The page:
The war appeared to have ended with President Bush declaring that “major combat operations in Iraq have ended” while standing in front of a tacky banner with the lettering ‘MISSION ACCOMPLISHED’ written on an American flag backdrop. I heard bitter statements about how my relatives wouldn’t watch any coverage of the next war in Arab states, because “they did nothing to help Saddam Hussein.” Regardless, it seemed to be over. Unbeknownst to me, however, there was a hell slowly emerging in Iraq that would serve as the basis for new feelings of solidarity with Iraqis, for young Pakistanis, like me. Considering the violence beginning to overtake Pakistan at the time, as a consequence of the US led war in Afghanistan, and you can understand why.

Something had happened that I still cannot completely understand. The Bush Administration had completely neglected to formulate a sound and properly democratic plan for governing Iraq. Baghdad was being torn apart by relentless looting and increasingly organized violence. Every day, I would learn more about the unfolding anarchy,  from the same foreign media outlets that terrorized me with images of U.S. fighter jets pounding the city during the US invasion of the country. It was a horrific atmosphere for a child, particularly one who lived in an emigre nexus that had clear personal and historical reasons for feeling connected to the conflict. Donald Rumsfeld’s repeat reassurances that everything was fine appeared especially disingenuous to me. But who was I to object? I was from Pakistan, after all. Not Iraq.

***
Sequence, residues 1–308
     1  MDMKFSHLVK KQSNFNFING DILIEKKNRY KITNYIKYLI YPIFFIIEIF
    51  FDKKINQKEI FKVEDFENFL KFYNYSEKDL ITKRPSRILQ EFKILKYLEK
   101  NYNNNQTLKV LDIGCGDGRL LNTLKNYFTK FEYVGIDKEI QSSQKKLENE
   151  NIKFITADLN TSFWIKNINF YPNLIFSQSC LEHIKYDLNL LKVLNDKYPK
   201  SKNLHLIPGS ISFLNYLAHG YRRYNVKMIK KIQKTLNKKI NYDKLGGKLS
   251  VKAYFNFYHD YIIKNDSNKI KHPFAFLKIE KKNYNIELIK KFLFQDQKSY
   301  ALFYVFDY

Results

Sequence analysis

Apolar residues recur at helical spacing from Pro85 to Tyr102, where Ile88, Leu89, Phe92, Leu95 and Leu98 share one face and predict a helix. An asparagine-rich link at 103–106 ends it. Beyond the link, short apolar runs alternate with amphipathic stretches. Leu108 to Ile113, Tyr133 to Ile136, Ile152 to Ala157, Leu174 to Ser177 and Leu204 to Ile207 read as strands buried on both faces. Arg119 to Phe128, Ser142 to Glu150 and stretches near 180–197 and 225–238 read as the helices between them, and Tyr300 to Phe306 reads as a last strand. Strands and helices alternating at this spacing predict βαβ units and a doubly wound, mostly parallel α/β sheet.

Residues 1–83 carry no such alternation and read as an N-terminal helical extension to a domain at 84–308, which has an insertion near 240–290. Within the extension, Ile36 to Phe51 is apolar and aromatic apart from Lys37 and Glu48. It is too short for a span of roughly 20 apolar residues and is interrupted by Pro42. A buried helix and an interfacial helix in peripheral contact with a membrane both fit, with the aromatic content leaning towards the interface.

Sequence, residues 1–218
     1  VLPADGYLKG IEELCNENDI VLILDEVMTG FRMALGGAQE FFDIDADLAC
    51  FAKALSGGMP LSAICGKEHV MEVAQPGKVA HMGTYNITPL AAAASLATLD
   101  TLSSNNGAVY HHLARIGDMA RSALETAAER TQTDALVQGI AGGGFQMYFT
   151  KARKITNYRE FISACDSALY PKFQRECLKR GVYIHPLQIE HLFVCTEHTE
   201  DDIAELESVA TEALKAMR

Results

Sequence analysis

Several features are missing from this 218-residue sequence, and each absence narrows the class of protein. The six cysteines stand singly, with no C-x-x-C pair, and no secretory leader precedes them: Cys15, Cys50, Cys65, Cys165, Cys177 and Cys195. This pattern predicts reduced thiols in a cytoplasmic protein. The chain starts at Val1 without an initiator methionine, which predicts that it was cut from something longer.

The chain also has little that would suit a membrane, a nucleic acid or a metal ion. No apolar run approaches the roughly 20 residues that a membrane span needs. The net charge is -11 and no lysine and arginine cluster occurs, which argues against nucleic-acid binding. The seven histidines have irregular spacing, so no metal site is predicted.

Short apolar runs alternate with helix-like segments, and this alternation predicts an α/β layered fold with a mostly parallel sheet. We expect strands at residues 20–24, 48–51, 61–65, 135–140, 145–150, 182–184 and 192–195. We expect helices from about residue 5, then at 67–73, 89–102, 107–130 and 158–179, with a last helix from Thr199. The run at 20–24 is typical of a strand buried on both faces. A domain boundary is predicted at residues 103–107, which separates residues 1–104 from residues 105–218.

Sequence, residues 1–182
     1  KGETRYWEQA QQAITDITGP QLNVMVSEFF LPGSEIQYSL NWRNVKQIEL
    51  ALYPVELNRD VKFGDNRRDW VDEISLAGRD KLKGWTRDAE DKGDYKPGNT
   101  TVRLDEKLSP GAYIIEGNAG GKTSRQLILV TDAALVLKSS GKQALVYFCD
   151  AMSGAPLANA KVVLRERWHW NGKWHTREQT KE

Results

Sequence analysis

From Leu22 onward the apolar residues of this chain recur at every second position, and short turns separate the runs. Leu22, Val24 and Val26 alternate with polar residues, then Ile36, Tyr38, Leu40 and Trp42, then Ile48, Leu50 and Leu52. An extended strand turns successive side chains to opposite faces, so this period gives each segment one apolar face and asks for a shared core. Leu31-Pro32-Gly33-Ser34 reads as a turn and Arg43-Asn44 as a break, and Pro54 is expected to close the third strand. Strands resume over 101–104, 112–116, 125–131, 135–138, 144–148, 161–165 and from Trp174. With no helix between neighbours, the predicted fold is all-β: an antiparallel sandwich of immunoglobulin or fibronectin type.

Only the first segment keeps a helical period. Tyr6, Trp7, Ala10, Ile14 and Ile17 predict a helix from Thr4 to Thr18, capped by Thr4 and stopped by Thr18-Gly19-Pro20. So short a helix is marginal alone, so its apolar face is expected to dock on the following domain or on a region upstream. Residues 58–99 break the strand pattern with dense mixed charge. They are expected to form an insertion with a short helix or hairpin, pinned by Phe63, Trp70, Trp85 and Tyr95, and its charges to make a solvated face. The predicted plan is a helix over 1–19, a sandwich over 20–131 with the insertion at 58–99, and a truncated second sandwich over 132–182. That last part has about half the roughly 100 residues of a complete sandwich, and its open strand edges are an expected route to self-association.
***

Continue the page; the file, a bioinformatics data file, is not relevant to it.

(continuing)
I watched the news for the next few years, horrified by the barbarity of it all. The suicide bombings, and the beheadings felt intensely intrusive, as though they were touching me, and my body, personally. I suffered from nightmares of being shot and drowned (read waterboarded.) I had no experience with Iraq, but it was not hard to feel personally violated and humiliated by it all the same.  Call it my ‘body politic’. I experienced Iraqi politics intimately. I did not believe that anyone could view current events in this manner and be normal. Years later, I would understand that I was wrong.